New Ransomware is like any viral outbreak. It continues to evolve and mutate into new variants or strains. When a known ransomware code sequence mutates, we refer to it as a variant. If it takes on multiple mutations to the point that it shows distinct functional properties that differ from the original, it is called a strain. Both biological and digital viral outbreaks constantly evolving to escape detection and remediation techniques. This evolution helps ensure their survival. Ransomware is a categorical generic term that includes many strains and variants. We thought we would take a moment to highlight some of the more recent ransomware strains that have been detected lately.
The latest strain released by the ransomware gang, Evil Corp, was launched in October against multiple victims. The strain gets its name from the fact that it encrypts targeted files and appends the “.macaw” extension to the file name. The attack also creates a ransomware note in every directory that contains a summary of what the attack has done to the victim and directions on how to recover from it. This victim is assigned a campaign ID as well as an assigned negotiation page on the Macaw Locker’s Tor site that includes a chat box to communicate with the attackers. The victim is allotted a tool to decrypt three files for free to illustrate the concept. Victims include a leading medical technology company that was forced to take down is IT systems across North and Central America. Another victim was a TV broadcasting station that lost access to its Active Directory infrastructure which brought down many of its server operations. It is unknown if the ransoms were paid but the initial demands were as high as $40 million.
BlackMatter ransomware is a ransomware-as-a-service tool that first appeared on the scene over the summer. The creators of the strain required their affiliates to target companies with over $100 million in revenue or more with at least 500 hosts. The group also paid up to a $100,000 bonus for exclusive access to a high value network. They also forbid attacks on targets such as critical infrastructure facilities, hospitals, non-for-profit organizations. The BlackMatter ransomware tool was used against numerous companies based in the U.S. with extortion demands ranging from less than $100,000 up to $15 million. The string of successes achieved by the group cast a great deal of attention on the group from government authorities and law enforcement. As a result, the group announced in November that it was disbanding and no longer making their tool available.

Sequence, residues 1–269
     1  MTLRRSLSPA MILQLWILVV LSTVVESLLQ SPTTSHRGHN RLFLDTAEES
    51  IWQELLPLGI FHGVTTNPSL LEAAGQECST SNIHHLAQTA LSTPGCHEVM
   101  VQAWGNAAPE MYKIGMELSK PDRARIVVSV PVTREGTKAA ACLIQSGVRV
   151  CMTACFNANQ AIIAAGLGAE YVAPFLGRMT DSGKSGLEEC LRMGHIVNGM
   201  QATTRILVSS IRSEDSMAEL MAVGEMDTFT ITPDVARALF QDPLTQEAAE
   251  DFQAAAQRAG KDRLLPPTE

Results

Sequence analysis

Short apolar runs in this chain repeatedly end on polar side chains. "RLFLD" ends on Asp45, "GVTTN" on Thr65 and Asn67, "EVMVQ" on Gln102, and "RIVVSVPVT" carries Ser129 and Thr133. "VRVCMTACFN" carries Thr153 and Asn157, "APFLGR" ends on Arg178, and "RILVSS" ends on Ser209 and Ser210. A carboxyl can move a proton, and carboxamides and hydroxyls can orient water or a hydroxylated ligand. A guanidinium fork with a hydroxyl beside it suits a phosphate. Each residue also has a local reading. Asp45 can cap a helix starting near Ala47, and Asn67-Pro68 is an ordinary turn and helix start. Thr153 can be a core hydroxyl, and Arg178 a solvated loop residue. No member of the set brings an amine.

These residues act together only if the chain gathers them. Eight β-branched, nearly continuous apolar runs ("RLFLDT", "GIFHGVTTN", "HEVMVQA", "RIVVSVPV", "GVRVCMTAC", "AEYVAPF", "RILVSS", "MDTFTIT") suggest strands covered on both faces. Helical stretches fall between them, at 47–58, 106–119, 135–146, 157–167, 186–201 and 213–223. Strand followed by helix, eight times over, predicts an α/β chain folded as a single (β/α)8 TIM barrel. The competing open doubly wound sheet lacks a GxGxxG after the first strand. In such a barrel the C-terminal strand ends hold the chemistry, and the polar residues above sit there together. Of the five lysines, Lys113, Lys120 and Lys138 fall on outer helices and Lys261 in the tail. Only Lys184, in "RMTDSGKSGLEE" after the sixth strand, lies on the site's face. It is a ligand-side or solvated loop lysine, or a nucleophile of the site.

Cisco Talos issued a warning in early November about a new variant called Babuk ransomware, which they discovered weeks earlier in October. While its original malware code took advantage vulnerabilities found within Microsoft Exchange Server, the latest release of Babuk targets multiple Windows platforms. In addition to encrypting files, it disrupts system backup processes and deletes any discovered volume shadow copies. It uses a PowerShell command to download the payload which then launches the malicious code across the network.
While Jigsaw ransomware has been around for several years, we wanted to highlight it for its unique voracity. In addition to encrypting the victim’s files, it methodically begins deleting files over a 72-hour period or until the ransom is paid. Should the time period expire, all files are deleted. The enclosed ransom note warns the victim that rebooting the infected machine will result in the deletion of 1,000 files. The malware is delivered through phishing attacks and some Adware on infected sites. There is some good news. The malware is incapable of moving laterally so it only affects the machine that downloads it. You can also stop the file deletion process by stopping the process in Task Manager.
AvosLocker was discovered over the summer. One of its victims was the city of Geneva, Ohio which dealt with the classic double extortion attack that has grown popular as of late. In addition to having the city’s files encrypted, the attackers also threatened to release exfiltrated data to the public that included tax returns, court records and social security numbers. AvosLocker is another ransomware-as-a-service tool and the group behind the ransomware is selectively seeking affiliates that can prove access to a possible target. The ransomware strain is named after its signature that appends the “.avos” extension to all encrypted files. The attackers have been demanding ransoms of approximately $200,000.
In addition to the evolving code variants, the attack objectives of ransomware are evolving as well. No longer is ransomware simply used to encrypt files. The practice of stealing the data prior to encrypting it to release it to the public in the event of nonpayment serves as one more way to ensure getting paid should the victimized organization be able to restore its files from backup. This double extortion approach is now evolving into a triple or quadruple extortion. Upon infiltrating a network, attackers are now maximizing their access to achieve other objectives such as launch crypto mining operations within the victim’s server platforms, initiate denial-of-service attacks, and steal user credentials that they can then harvest for other types of attacks. Ransomware is quickly becoming a multi-threat invasion.
Because of its evolving nature, you cannot rely on signature-based endpoint security solutions to combat ransomware. You need the comprehensive coverage of a multilayer security strategy that includes both email and web filtering. TitanHQ filtering solutions can’t eradicate a ransomware infection, instead they help prevent strains from being delivered in the first place through email and web packets. Find out how you can stop the malicious strains from infecting your enterprise today. Contact TitanHQ today.
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